TAR HEEL VIEW: DMV should be back on track after snafu


Bureaucracy, thy name is DMV.

It was a hot mess last year when the N.C. Department of Motor Vehicles reported that some residents had lost their driver’s licenses because of … let’s say “technical difficulties.” But everything seems to be back on track now, Forsyth County Clerk of Court Susan Frye told the Journal’s Michael Hewlett recently. People who lost their licenses for no proper reason have had them restored.

“They have done a great job in correcting what was wrong with the process,” Frye told the Journal.

At one point, Frye said, her office was receiving 75 calls a day over the issue. That number has dropped down to essentially zero, she told the Journal.

The problem came about because the DMV didn’t update the records of drivers who were involved in court cases to show when they had taken actions to keep their licenses — paid traffic tickets or rescheduled a court date to get a “failure to appear” taken off their records. Next thing these drivers knew, they were being notified that their licenses had been revoked, even though, as far as they knew, everything was fine.

It was a major snafu that affected possibly thousands of North Carolina residents, many in Forsyth County.

There also seems to have been a disgruntled employee who was gumming up the works by shredding some error reports. Officials were reluctant to discuss that matter, but did say that an employee was found to have failed to update driver records “in a timely manner and was terminated for unsatisfactory work performance.”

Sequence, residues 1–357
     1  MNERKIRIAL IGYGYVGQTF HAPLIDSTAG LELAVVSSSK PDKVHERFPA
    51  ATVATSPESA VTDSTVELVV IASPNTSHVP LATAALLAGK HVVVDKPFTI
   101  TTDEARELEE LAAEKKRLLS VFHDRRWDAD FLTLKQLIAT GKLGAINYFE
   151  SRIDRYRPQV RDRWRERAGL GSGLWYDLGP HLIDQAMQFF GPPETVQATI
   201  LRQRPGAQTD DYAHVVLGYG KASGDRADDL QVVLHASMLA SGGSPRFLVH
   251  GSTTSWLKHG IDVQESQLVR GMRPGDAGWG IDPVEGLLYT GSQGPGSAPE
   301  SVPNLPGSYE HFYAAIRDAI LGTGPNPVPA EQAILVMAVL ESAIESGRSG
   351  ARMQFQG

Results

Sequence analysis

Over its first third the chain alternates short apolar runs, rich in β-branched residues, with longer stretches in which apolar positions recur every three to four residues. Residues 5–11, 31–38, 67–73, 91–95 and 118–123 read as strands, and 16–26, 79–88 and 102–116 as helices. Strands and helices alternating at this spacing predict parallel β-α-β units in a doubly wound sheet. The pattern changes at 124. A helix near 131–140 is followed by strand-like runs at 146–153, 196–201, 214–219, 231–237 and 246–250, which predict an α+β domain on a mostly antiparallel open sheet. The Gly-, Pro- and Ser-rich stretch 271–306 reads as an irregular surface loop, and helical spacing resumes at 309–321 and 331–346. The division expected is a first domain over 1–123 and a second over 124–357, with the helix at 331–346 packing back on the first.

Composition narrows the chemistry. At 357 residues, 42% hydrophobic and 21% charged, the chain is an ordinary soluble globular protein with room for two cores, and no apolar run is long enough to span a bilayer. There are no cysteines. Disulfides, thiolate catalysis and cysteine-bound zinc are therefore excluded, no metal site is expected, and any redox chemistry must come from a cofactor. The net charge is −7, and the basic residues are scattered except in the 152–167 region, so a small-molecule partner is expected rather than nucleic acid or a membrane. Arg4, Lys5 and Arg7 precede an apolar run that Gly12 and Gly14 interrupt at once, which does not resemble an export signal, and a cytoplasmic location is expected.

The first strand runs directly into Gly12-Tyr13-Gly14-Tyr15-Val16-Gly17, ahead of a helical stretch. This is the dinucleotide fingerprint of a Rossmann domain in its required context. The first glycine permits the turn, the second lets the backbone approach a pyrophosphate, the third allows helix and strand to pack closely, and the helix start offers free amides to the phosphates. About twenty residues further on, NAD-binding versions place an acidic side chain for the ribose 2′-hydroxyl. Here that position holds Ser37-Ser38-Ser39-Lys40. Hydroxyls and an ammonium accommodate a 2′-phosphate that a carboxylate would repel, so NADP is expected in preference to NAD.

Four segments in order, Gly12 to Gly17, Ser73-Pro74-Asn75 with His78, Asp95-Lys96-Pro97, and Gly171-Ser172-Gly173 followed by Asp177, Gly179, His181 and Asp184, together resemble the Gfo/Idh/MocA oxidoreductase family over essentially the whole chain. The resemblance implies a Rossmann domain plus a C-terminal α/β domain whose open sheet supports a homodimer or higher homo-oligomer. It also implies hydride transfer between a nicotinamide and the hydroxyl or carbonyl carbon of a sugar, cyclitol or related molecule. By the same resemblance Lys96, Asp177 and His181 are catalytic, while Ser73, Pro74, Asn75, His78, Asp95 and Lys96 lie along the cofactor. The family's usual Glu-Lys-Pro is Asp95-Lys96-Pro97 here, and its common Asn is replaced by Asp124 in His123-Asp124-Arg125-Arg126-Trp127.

Good.

Fortunately, once the DMV realized there was a problem, it began taking corrective actions. It did an audit of two years’ worth of error reports to “ensure that all driver records reflect the appropriate court action,” John Brockwell, a spokesman with the DMV, told the Journal. It sent out a news release with a phone number for people to call if they believed there was a problem with their driver records. The N.C. Department of Transportation’s Office of Inspector General started an investigation into the error reports, Brockwell told the Journal.

The DMV also updated its electronic system several times to make sure error reports are accurately processed, officials reported, and restructured its Processing Services section to make sure all conviction information that the DMV receives is handled efficiently. The N.C. Administrative Office of the Courts and the DMV started a joint working group in April to develop best practices and methods to make sure DMV information is accurate, the Journal reported.

It sounds like the DMV did everything it could. It’s part of living in a technological society — there are going to be big problems and people are going to be inconvenienced — sometimes maddeningly so. But the DMV seems to have handled the situation in a responsive and responsible way. Let’s hope that’s the end of it.

The Winston-Salem Journal

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